Sydney-based travel and arts writer www.jasminecrittenden.net
Hilarious one-man show reveals fine dining's inner world
There's nowhere for an actor to hide in Becky Mode's one-man satire, Fully Committed. The script demands impeccable comic timing, split-second switching of forty different characters and enough accents to start a UN round table. The Brevity Theatre Co. found the right team for the job in actor Nick Curnow and director Alexander Butt.
His main role is Sam Peliczowski, an unemployed actor whose day job involves manning the internal and external phone lines of a four-star Manhattan restaurant. The other thirty-nine roles are the characters with which Sam interacts during the course of one working day. While A-listers and wanna-be A-listers hob nob in luxury upstairs, he's trapped in a drab, windowless basement, fielding a relentless stream of calls from ridiculously importunate customers. Despite the restaurant being booked out for months, they'll stop at nothing to land a table, from bribery to melodrama to sheer persistence.
Simultaneously, Sam must cope with an egotistical chef, a catty headwaiter, a well-meaning but clueless security guard and his gentle father, who just wants to know whether or not his son will come home for Christmas. Plus, he's desperately waiting for a call back from the Lincoln Centre.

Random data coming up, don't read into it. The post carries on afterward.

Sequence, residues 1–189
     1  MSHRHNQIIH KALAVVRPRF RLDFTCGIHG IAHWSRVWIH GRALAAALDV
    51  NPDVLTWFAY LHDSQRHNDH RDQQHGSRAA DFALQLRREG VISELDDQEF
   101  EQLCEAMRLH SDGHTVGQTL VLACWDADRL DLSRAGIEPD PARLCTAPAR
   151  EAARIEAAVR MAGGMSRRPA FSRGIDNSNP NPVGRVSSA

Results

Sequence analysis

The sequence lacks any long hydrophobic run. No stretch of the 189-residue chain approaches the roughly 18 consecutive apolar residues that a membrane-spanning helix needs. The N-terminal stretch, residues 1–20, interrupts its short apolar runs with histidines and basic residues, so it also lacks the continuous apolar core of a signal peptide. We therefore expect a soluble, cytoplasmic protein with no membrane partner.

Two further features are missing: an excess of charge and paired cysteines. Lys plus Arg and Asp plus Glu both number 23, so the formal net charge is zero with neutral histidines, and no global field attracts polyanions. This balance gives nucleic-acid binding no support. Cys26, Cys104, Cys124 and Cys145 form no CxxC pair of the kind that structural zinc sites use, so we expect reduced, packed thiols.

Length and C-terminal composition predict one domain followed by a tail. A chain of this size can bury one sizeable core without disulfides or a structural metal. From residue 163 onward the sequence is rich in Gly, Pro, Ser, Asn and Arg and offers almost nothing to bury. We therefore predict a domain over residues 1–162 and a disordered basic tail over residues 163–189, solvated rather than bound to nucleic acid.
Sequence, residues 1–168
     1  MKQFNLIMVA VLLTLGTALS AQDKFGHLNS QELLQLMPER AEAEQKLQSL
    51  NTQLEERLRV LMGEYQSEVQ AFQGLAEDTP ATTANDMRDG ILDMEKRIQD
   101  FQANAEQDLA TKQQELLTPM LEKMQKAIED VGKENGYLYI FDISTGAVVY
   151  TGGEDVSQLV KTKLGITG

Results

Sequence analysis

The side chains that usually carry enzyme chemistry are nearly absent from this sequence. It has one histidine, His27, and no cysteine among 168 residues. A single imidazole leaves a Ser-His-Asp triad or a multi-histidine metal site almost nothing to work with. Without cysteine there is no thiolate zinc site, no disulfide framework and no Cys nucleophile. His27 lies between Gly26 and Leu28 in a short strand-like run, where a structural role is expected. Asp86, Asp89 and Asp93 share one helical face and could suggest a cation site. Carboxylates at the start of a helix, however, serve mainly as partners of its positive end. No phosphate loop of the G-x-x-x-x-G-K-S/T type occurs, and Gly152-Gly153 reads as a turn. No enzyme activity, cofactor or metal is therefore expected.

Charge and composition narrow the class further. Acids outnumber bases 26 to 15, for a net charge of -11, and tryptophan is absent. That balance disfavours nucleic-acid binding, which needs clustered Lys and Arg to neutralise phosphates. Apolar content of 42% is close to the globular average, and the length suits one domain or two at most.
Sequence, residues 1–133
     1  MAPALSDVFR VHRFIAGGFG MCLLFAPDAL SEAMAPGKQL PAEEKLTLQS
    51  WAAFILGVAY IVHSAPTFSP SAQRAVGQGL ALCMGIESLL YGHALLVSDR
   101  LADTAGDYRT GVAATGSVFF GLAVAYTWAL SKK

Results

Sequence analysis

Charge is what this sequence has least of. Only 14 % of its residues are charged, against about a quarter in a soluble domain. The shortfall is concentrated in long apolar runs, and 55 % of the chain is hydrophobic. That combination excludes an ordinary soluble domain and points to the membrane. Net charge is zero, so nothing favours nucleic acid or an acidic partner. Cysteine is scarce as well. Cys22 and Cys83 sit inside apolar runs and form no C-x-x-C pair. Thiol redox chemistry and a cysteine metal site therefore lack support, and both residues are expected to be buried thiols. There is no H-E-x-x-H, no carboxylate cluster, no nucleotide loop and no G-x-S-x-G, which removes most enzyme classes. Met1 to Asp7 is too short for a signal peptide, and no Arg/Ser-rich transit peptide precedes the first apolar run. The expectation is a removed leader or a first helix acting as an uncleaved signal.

Curnow wins us over as the beleaguered Sam. We find ourselves committed to his mounting struggle to maintain his cool and he skillfully sustains the tension necessary to the will-he-won't-he-lose-it suspense. Moreover, the deft swapping between characters is not only convincing, but hilariously entertaining, without being over-the-top. Curnow meets the challenge of the script with both scope and finesse.
Debuted in Australia at the New Theatre as part of Sydney Fringe Festival, Fully Committed was The Brevity Theatre Co.'s first ever production. It's an exhilarating start.